Friday, July 3, 2009

UN chief meets Burma leaders to discuss Suu Kyi

By: Bangkok Post-AFP

UN chief Ban Ki-moon met the reclusive head of Burma's military junta on Friday for what he said would be "tough talks" aimed at securing the release of pro-democracy leader Aung San Suu Kyi.

Ban flew into Naypyidaw, the remote stronghold of Senior General Than Shwe and his regime, shortly after a prison court adjourned the widely condemned trial of the detained Nobel Peace laureate for another week.

"This is my second time in your country and I am very pleased to continue our discussions. I appreciate your commitment to move your country forward," Ban said in his opening statement to Than Shwe.

"I would like to contribute, to work together, for peace and prosperity," he added.

The UN secretary general earlier said he would urge Than Shwe for permission to visit the 64-year-old Aung San Suu Kyi, who was transferred from house arrest to Rangoon's notorious Insein prison in May.

She has spent most of the past two decades in detention and now faces five years imprisonment if convicted on charges of violating her house arrest, after an American man swam uninvited to her lakeside house.

"It is a very tough mission," Ban told reporters shortly after arriving in Rangoon earlier Friday.

"One of my objectives is to obtain the release of all political prisoners including Aung San Suu Kyi," he said, adding that he would also "convey the concern of the international community" and press for reconciliation and democracy.

Rights groups warn that the trip will be a "huge failure" if he does not secure the release of Aung San Suu Kyi. Critics have accused the junta of using the trial to keep her locked up for elections promised in 2010.

She appeared in court Friday but the trial was adjourned for a week because the judges had not received an earlier judgement barring two defence witnesses, said Nyan Win, spokesman for her National League for Democracy (NLD).

"Daw Aung San Suu Kyi attended the trial this morning but the court said that as they haven't got the case from the Supreme Court the trial is suspended to July 10," Nyan Win said.

The case has sparked international outrage, with US President Barack Obama calling it a "show trial" and a host of world leaders and celebrities calling for her release.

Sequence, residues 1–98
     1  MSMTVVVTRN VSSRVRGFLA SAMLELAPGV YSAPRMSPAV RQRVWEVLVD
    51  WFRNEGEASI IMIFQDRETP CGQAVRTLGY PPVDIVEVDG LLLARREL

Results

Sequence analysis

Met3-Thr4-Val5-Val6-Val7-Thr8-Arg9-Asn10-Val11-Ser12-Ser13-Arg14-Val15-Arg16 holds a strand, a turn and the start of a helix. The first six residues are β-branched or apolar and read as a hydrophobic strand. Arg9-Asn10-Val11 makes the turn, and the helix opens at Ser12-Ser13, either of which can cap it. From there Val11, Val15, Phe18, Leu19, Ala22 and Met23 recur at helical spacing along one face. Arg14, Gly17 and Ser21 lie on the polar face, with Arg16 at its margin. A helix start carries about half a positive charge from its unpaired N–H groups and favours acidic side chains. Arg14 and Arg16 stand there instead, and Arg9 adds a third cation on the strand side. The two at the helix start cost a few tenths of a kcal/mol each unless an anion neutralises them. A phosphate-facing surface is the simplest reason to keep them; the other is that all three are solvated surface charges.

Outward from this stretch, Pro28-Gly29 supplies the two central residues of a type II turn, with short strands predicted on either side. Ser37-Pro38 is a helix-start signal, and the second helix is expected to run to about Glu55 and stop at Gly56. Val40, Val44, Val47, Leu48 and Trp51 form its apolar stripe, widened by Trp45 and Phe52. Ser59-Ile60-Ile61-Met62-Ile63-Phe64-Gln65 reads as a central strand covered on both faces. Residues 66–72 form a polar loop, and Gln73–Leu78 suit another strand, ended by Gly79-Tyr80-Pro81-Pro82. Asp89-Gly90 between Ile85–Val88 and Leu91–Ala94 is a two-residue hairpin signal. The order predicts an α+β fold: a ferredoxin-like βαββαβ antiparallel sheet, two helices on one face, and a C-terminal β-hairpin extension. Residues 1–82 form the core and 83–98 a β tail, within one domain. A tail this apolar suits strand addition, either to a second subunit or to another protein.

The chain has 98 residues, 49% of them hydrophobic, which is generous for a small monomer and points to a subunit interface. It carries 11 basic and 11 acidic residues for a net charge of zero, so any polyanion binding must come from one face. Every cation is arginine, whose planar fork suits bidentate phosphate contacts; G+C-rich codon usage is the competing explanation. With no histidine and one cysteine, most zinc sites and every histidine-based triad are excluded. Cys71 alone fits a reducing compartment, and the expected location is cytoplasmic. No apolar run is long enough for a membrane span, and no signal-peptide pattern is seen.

Ban earlier made an apparent reference to concerns over the timing of his visit while her trial is under way, saying he was aware that he was coming to Burma "under certain uncertainties."

"I will try to meet with representatives of all registered political parties including Aung San Suu Kyi, that's my hope. But I have to raise this issue with the senior general directly, in person," he said in Singapore on Thursday.

Ban will also meet with Prime Minister Thein Sein and representatives of all registered political parties and former armed groups while in Naypyidaw.

Ban has faced recent criticism for his softly-softly approach to the job of secretary general, but diplomats say he hopes his quiet brand of diplomacy will pay dividends with Burma's generals.

The visit is Ban's first to Burma since he persuaded the junta to accept international aid following Cyclone Nargis in May 2008, which killed around 138,000 people.

Aung San Suu Kyi has been in detention or under house arrest for 13 of the past 19 years since the junta refused to recognise the NLD's victory in Burma's last elections, in 1990.

Human Rights Watch said on Thursday that Ban should not accept the apparent concession from the junta of returning her to house arrest, instead of imprisoning her, as a sign of a successful visit.

"Time and again, the UN has politely requested Aung San Suu Kyi's release, but her 'release' back to house arrest would be a huge failure," said Kenneth Roth, New York-based HRW's executive director.

Burma, formerly known as Burma, has been ruled by the military since 1962.

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